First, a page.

Without so much as a roof over his head, proper clothing, financial stability or education, Dr. T. Publis Silva managed to become one of Sri Lanka’s most celebrated and loved chefs. Having worked with Mount Lavinia Hotel for 57 years now, he has been conferred with President’s Award and, recently, the Deshabandu Award for distinguished services to the nation, by Sri Lankan President Maithripala Sirisena.
His life maybe all smiles and comfortable now, but it began with unimaginable hardships. “My mother would go to the market and pick up discarded vegetables, wash them and walk back six miles to the area we were staying in to sell it. I would tag along sometimes,” began Chef Silva. His kind eyes and radiant smile didn’t have even a glint of sorrow as he continued, “I have studied only till Class 4 and my first ever job, in Mount Lavinia Hotel, was as a coal carrier — fuel stoves weren’t a thing back then, so I would load the boilers with coal.”
The 83-year-old joked about how five years after joining the hotel, he became a sous chef and 15 years down the line, a chef. “I’ve been in the kitchen for so long that my hotel has become my first home and cooking, my first wife,” he chuckled. At 5.45 every morning he arrives dressed in white to begin prepping for the day, though he only supervises and doesn’t cook now. “I wake up at 2 am, and after saying my prayers, offer fruits, water and tea to my God. Guess who my God is?” he asked us. Noticing we weren’t going to answer soon (so that we didn’t hurt his religious sentiments) he revealed, “My wife!”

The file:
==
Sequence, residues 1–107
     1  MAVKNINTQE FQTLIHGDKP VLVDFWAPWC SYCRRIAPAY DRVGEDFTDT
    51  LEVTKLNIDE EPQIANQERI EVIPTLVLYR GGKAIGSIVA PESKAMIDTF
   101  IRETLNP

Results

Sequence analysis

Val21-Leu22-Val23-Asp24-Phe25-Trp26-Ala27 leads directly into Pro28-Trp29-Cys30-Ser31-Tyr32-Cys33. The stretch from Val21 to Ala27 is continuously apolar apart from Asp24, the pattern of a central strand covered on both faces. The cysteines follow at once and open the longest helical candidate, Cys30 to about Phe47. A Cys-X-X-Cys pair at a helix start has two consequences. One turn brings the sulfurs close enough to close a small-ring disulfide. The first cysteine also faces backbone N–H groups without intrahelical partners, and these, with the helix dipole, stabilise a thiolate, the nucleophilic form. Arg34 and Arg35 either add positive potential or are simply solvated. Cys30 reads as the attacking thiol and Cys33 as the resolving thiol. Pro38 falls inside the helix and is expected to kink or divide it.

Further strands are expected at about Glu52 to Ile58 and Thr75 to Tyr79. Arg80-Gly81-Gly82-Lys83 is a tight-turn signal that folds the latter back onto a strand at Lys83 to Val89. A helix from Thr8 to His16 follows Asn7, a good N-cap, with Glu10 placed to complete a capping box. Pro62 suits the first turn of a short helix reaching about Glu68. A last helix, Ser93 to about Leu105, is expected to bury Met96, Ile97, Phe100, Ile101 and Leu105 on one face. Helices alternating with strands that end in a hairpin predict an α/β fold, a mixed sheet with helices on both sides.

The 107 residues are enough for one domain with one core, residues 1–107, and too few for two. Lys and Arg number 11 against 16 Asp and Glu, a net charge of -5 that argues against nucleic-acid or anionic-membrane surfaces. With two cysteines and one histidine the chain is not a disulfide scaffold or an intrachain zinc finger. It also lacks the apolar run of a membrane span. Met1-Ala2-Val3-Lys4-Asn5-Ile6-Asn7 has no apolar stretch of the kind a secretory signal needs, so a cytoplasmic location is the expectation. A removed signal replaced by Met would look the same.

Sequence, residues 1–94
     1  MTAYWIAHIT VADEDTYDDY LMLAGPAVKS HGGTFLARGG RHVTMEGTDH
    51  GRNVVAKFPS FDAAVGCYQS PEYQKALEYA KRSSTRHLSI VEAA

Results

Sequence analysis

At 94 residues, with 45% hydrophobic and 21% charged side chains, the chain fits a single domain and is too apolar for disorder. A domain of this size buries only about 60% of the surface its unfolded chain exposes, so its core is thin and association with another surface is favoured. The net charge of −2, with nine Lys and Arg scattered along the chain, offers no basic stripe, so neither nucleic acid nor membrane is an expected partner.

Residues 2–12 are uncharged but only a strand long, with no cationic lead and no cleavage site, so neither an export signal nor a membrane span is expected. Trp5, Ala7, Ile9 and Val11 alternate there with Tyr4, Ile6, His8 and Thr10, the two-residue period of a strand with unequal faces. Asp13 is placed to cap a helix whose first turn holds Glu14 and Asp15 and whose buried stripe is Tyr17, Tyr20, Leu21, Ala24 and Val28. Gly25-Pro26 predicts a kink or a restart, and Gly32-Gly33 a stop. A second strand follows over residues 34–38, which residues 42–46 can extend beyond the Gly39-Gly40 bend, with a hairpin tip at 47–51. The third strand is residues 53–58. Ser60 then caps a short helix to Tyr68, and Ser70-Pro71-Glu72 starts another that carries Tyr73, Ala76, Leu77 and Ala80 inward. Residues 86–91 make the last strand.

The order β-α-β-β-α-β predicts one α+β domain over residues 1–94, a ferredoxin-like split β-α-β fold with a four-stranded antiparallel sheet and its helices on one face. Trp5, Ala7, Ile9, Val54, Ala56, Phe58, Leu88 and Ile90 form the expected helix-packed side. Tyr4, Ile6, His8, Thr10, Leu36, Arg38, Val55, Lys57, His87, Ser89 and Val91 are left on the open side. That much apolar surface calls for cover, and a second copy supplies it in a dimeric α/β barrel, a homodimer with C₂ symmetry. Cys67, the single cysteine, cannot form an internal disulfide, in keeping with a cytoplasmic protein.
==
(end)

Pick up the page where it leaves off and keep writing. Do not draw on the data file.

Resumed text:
In Chennai to host a food festival at ITC Grand Chola titled Kandyan Kings Repast, he brought to diners some of the finest dishes that were once made within the dynasty’s royal kitchens. Crab curry served with appam, stir-fried pork with black pepper, steaming hot chicken curry with ghee rice, an interesting pumpkin in mustard gravy and beans were on display. “Speaking of beans, does the green colour change when you cook at home?” he asked us. We replied in the affirmative and he smiled, “That’s where Indians go wrong in cooking — you overcook or fry vegetables so much that they lose their nutrients. Blanching is actually the best way to cook beans.”
The chef, who has also authored 23 books despite barely any education, said he has a long way to go in his culinary journey before stopping. “Just the way you’re eating my food, I want the whole world to taste Sri Lankan cuisine. My second goal is that even after I die, I want the world to know who Deshabandhu Dr. T. Publis Silva is. So I’m going to work towards it till my very last breath,” he said before retiring for the night. “See, my boss has come to take me to my room,” he pointed to his able sous chef, who appeared at least 40 years younger than him.